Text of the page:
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Saturday, May 23, 2015
Attention Deficit Hyperactivity Disorder
Dangerous Side Effects of Adderall
My son is 18 and started taking Adderall at 17 and a 1/2 in April, 2009. He went off to college in the fall and then had to leave because he was experiencing horrible side effects, e.g., hearing voices, weight loss, paranoia, and thought problems. While taking Adderal he drank caffeine sodas which we did realize would intensify side effects.
After spending time in a hospital, he came home and we as a family had a horrible time trying to help him through the depression and self- loathing but we managed. Contrary to what the doctor who prescribed the Adderall, I truly believed that his symptoms were caused by Adderall, caffeine and some marijuana he used.
I helped him get better by letting him sleep, giving him loads of eggs, juices, veggies and things loaded with vitamin B 12 and omega threes. He is back at college for the spring semester and every week he comes home a little bit better. He feels better now but I still don’t see him 100% but with the continuation of vitamins and a healthy diet with no caffiene, he is improving.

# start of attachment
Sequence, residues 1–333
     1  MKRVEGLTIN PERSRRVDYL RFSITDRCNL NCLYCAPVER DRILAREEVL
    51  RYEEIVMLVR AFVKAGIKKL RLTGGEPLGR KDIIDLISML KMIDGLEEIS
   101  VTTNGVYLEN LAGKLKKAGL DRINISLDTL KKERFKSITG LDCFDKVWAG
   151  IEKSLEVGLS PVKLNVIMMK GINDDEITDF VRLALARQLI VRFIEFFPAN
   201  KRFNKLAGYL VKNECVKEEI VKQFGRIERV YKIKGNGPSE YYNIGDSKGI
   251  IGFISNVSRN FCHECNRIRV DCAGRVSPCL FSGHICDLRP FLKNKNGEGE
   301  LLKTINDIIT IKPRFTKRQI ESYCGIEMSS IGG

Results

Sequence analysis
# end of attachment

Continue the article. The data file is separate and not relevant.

He says he would like to try the Adderall again but I refuse to pursue that. I was reading that B 12 can actually help with ADHD. My question is two parts. First, would you prescribe Adderall to a child who has experienced such symptoms? And secondly, does Adderall deplete the body of B 12 vitamin? Thank you, from a very concerned Mom who loves her son.
You ask an interesting question that I have been wondering about for some time: Do stimulant medication deplete the body of micronutrients (vitamins and minerals)? It is an established fact that some anti-epileptic drugs do, but I don't know of any studies to see if stimulants do.
Aside from possible direct depletion, they for sure suppress appetite. By suppressing appetite, they might impair the intake of vitamins. It is advisable for someone who is not eating a balanced diet to take an ordinary multi-vitamin/mineral capsule or tablet daily. This is better than taking a single vitamin, because they work together, and more than one vitamin has been found to be depleted by antiepileptic drugs.Also, in the winter, vitamin D becomes important because few foods naturally have vitamin D; as humans evolved, we got most of our vitamin D from sunshine changing cholesterol on the skin into vitamin D. Vitamin D, in addition to necessity for bone health, has recently been shown to be necessary for brain health and is suspected to be a cause of seasonal depression (winter blues).Regarding the hallucinations and paranoia, these are possible side effects of stimulant overdose and rarely can occur at normal doses. Stimulants can precipitate psychosis in people who have a tendency to psychosis.I agree with your caution about trying a stimulant again. There are other medicines that could help, and you should consult a psychiatrist about a medication or combination of meds that might help.
L Eugene Arnold, MD, MEd
Professor Emeritus of Psychiatry
College of Medicine
The Ohio State University